Ima-Abasi Okon review
Time Out says
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There’s a soft orange glow being cast across the floor of the Chisenhale. Warm shadows ripple out of mini glass chandeliers filled with cognac and palm oil, stuck into a low false ceiling. Opposite, Ima-Abasi Okon has screwed an army of air conditioners into the wall. Their fans spin and stop, juddering along to a syrupy, slow soundtrack emanating from behind.
If you read the gallery handout – and dear God, whatever you do, don’t – apparently this is all about ‘complicating the construction of knowledge’ and ‘exhibition-making as an exercise in syntax’ and questioning ‘how to represent a body in its absence’. I literally have no clue what any of that shit means.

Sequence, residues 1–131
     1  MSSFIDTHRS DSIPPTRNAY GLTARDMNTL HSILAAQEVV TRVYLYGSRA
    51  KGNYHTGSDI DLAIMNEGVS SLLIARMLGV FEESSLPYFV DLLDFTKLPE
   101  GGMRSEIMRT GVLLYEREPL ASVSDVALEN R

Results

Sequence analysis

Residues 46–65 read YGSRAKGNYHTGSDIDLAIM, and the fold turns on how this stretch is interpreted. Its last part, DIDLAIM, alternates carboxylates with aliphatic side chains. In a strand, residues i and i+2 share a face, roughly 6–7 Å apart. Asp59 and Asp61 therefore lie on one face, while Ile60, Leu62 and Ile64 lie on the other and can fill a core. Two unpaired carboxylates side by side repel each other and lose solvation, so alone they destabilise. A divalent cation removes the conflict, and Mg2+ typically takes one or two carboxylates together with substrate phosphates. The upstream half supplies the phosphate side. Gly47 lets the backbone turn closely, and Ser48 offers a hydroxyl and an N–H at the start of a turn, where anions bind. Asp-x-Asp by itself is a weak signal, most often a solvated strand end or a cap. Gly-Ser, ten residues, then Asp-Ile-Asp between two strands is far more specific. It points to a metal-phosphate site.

Instead, this feels like a very slow, sad, poetic look at the everyday. The ceiling feels like something from every office you’ve ever hated working in – oppressive, overbearing, artificial. It’s smeared with morphine and insulin, it stinks. The AC units cool the space unnaturally. The lights provide fake comfort. These all feel like tools used to placate unhappy, everyday people. Take the morphine, cool down, be calm, be controlled. It’s good, actually. Only the four wooden works on the side wall let the installation down. The rest is an immersive, affecting bit of art.
But if public institutions like the Chisenhale continue to talk about art in ways that are intentionally obtuse and totally unintelligible, this will always feel like unapproachable, elite art for people who aren’t you. And that’s a serious shame, because art like this deserves better.